There are two ways to implement a controller for your resources. Either derive from
ResourceController or import the
JSONAPI::Resources provides a class,
ResourceController, that can be used as the base class for your controllers.
destroy methods. Just deriving your controller from
ResourceController will give you a fully functional controller.
Of course you are free to extend this as needed and override action handlers or other methods.
A jsonapi-controller generator is avaliable:
JSONAPI::Resources also provides an alternative class to
ResourceControllerMetal. In order to provide a lighter weight controller option this strips the controller down to just the classes needed to work with
Note: This may not provide all of the expected controller capabilities if you are using additional gems such as DoorKeeper.
Additional options can be passed to the serializer using the
serialization_options are passed to the
meta method used to generate resource
JSONAPI::Resources also provides a module,
JSONAPI::ActsAsResourceController. You can include this module to mix in all the features of
ResourceController into your existing controller class.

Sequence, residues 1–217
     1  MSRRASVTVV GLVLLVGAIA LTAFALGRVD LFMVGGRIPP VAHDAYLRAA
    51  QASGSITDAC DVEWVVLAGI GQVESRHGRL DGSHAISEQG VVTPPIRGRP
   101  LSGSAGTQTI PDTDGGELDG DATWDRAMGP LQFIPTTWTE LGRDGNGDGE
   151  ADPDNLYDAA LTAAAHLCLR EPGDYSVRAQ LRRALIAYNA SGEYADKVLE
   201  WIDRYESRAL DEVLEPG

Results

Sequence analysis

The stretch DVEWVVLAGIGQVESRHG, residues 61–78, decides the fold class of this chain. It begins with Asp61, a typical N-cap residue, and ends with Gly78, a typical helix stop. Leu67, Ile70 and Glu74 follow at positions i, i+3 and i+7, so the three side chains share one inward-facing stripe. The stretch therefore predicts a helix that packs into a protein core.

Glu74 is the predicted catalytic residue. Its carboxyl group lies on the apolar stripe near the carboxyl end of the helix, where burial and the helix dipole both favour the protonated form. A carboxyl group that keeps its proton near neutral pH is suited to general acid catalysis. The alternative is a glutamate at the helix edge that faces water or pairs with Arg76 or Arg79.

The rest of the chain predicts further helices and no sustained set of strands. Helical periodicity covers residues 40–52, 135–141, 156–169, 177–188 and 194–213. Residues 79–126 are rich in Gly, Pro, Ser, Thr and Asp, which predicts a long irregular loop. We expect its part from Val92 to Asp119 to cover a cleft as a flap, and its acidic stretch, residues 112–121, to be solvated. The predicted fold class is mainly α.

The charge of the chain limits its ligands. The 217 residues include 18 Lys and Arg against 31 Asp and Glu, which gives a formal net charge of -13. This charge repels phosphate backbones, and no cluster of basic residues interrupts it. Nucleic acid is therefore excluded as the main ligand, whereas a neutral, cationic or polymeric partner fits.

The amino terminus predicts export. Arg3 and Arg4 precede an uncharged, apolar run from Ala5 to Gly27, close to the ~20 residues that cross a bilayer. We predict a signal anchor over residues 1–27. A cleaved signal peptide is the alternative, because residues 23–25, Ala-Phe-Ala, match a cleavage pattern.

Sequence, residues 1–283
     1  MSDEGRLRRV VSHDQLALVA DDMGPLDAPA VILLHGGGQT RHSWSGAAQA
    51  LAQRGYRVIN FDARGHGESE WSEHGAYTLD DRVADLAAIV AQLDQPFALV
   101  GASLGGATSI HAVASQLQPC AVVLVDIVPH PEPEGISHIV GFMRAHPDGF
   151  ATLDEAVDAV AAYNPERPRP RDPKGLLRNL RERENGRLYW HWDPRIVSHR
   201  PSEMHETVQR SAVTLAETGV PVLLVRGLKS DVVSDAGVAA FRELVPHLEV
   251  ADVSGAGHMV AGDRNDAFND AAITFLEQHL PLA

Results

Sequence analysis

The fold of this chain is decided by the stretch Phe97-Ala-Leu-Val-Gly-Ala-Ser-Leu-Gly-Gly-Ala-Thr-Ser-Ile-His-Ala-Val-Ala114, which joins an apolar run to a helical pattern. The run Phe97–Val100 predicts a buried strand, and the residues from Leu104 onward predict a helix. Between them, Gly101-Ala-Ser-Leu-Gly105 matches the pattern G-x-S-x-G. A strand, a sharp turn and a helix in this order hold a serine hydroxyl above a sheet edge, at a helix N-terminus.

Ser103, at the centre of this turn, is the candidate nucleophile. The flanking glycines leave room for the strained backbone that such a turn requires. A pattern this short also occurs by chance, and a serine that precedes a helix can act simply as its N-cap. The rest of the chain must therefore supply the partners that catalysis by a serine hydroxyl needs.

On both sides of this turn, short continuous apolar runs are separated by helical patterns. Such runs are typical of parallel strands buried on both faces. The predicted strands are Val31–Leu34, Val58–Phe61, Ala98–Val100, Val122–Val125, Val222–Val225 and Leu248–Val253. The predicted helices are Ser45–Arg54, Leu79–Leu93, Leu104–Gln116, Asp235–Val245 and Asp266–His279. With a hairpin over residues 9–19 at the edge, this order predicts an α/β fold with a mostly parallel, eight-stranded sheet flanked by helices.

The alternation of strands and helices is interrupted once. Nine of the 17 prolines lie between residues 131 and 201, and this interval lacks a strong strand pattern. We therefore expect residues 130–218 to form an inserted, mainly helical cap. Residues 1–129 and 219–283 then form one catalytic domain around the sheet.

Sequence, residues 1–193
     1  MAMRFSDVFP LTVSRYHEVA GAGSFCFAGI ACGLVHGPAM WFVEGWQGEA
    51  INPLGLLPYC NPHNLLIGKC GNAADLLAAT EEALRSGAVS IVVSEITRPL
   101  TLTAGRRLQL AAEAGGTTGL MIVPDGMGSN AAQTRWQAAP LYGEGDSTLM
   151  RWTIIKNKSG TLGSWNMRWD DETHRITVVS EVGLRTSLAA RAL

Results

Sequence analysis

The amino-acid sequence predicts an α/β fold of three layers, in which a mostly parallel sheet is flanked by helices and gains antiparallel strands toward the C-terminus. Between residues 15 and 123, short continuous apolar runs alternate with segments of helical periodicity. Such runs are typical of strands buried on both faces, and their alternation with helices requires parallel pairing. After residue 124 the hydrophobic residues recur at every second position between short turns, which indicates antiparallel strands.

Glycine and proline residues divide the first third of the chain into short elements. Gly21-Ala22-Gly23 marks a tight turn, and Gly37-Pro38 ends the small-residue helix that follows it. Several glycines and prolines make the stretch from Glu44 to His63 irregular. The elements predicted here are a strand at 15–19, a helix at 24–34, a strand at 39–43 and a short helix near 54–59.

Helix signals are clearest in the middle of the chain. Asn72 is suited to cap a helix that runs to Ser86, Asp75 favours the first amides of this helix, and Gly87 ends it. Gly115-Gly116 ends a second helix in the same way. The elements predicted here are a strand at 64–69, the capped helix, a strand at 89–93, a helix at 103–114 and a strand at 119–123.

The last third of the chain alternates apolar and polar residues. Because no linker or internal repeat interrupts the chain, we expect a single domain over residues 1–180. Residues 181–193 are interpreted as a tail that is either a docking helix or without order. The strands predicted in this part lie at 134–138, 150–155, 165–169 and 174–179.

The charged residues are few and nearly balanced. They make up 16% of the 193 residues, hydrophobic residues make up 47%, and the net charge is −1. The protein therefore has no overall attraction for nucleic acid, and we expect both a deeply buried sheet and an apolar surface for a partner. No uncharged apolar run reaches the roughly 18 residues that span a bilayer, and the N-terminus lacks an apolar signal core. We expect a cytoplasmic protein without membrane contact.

JSONAPI::Resources supports namespacing of controllers and resources. With namespacing you can version your API.
If you namespace your controller it will require a namespaced resource.
In the following example we have a
resource that isn’t namespaced, and one that has now been namespaced. There are slight differences between the two resources, as might be seen in a new version of an API:
The following controllers are used:
You will also need to namespace your routes:
When a namespaced
resource is used, any related
resources must also be in the same namespace.
Error codes are provided for each error object returned, based on the error. These errors are:
These codes can be customized in your app by creating an initializer to override any or all of the codes.
In addition textual error codes can be returned by setting the configuration option
use_text_errors = true. For example:
By default, all exceptions raised downstream from a resource controller will be caught, logged, and a
By default, when controllers extend functionalities from
ActsAsResourceController#verify_content_type_header method will be triggered before
update_relationship actions. This method is responsible for checking if client’s request corresponds to the correct media type required by JSON API:
In case you need to check the media type for custom actions, just make sure to call the method in your controller’s